Friday, February 03, 2006

regarding beautiful welfare

i learned (at least) five things tonight while working at the group home -->

regarding clients:
one, is that talking loud when you are trying to reason with someone just scares people.
and

two; that when restricting someones activities, you must always explain that it is the consequence of irresponsible behavior.

three; especially when you talk to teens that have been removed from their chaotic homes, talking loud and not explaining consequences will just cause them to say, "don't talk to me like i am a child. you are NOT my momma." and they will stop talking to you for the rest of your shift. and they will be totally justified in saying and doing so.

regarding supervisors:
four; i will often say no to something if it is not in my job description.

regarding myself:
five; that i can make mistakes and not be a horrible person. or, rather, just because i am learning, doesn't have to mean i have no clue. and always, always, apologies when you have treated someone unfairly. and that's what i plan on doing when i see this client again.


i also walked a (altogether not the same as above) client through reading a sentance today. a 16 year old kid. one solitary american english sentence. and no, english is not his second language; he comes from an environment when spanish and english are spoken simultaniously. and he hasen't been in school in over a year. and when he was, he was in the inadequate understaffed and underfunded Philly school system.
the amount of frustration that you can see drip off of someone who can not read is amazing. and the amount of fantasic coping strategies folks use to navigate through the world without emphasizing language is amazing, and really quite genius. but it seems so hard to advocate for yourself. and it appears difficult to understand your rights. and you always have to depend on others.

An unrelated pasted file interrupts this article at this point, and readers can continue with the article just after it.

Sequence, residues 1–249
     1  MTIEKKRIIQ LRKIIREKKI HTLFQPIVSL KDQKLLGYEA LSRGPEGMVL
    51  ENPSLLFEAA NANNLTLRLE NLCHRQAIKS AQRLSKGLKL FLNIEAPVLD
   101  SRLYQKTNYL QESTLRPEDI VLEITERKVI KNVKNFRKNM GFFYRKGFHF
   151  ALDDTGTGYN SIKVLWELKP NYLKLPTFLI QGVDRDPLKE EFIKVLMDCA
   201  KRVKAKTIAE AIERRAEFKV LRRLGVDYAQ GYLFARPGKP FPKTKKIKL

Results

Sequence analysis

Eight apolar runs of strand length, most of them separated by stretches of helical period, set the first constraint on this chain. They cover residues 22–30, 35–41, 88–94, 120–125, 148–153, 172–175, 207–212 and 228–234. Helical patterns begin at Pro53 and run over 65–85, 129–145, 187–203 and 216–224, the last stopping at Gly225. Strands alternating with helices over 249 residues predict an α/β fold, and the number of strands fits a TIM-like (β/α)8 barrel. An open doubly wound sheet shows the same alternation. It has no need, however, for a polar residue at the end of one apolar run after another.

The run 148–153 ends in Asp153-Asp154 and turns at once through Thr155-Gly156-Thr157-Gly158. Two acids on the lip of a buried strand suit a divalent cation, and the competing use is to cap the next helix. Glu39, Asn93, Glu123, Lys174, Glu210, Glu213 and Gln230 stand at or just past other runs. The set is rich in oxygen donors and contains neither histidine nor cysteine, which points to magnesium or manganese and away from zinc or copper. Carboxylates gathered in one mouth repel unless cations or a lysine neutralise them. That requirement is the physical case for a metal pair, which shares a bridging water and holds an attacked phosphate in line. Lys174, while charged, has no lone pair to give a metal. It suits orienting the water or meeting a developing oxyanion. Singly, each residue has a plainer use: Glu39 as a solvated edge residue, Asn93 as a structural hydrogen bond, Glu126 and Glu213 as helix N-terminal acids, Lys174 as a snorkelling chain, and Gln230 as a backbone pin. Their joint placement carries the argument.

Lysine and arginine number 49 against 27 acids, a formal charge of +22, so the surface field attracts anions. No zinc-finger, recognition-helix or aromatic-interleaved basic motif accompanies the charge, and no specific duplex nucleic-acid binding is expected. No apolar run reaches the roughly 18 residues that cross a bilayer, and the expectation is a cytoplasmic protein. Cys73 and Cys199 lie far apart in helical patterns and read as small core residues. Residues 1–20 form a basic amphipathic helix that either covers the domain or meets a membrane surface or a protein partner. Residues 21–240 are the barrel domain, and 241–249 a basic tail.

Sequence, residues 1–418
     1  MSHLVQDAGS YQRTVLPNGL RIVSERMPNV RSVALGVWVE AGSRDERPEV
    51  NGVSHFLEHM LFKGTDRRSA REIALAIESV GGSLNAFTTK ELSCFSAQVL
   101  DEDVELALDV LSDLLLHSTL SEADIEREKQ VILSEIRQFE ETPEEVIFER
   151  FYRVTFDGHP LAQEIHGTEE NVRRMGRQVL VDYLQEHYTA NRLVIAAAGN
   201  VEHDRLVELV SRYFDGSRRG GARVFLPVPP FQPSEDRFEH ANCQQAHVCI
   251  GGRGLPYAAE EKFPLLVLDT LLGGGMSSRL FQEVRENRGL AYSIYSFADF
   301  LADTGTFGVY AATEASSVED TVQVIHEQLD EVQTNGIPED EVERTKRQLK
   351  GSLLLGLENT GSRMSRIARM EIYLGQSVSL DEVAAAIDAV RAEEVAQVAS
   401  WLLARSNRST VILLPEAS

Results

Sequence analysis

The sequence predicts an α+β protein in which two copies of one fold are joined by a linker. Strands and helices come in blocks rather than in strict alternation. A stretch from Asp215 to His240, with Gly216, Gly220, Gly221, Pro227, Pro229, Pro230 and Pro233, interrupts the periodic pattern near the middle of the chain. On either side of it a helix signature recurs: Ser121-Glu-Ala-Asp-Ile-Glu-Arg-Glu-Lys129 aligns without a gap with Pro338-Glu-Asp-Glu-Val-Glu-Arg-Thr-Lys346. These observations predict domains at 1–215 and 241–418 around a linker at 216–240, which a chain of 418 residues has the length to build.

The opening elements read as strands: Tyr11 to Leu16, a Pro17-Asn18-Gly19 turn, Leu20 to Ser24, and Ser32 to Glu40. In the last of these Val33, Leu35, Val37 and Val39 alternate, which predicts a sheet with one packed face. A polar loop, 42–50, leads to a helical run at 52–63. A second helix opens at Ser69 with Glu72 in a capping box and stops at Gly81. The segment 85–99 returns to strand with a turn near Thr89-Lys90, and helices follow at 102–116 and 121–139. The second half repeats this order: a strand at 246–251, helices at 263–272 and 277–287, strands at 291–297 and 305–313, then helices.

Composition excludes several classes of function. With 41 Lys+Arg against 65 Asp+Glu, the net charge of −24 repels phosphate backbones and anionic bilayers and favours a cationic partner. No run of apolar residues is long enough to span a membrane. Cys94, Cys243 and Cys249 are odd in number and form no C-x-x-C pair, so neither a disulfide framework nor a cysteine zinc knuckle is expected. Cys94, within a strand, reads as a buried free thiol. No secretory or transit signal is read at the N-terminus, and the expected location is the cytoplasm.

so tonight, when i was going over the resident handbook with a new client that i knew had a difficult time reading -- after he told me "i can't read. i mean, i can read. just not good. and this ain't gonna work, me trin' to read this" -- i explained everything to him. and he was zoning out, and asking questions, and trying to look at the booklet as i was reading sentences, me trying to explain their meaning so he could comprehend it. and finally, when we got to the end, there is this part when the client has to sign, and it goes something like this: "I, ____________, have read, understand and was able to ask questions about the policies and procedures contained in this handbook." and we read the sentence together. and we sounded things out. and we broke words a part. and we read it once. and then we read it again. and when he saw that i was not getting frustrated at his frustration, we read it a third time. and then he read it himself. the whole fucking sentence. all by himself.

and i thanked him for sharing with me. and i praised him for getting through it and succeeding.

and he said, sheepishly, "sure. no problem. maybe we can talk about the GREs sometime......" and got up from the table and went to do his evening chore.

that, my dears, is what i can wrap my self around. this is beautiful welfare. and i am humbled.

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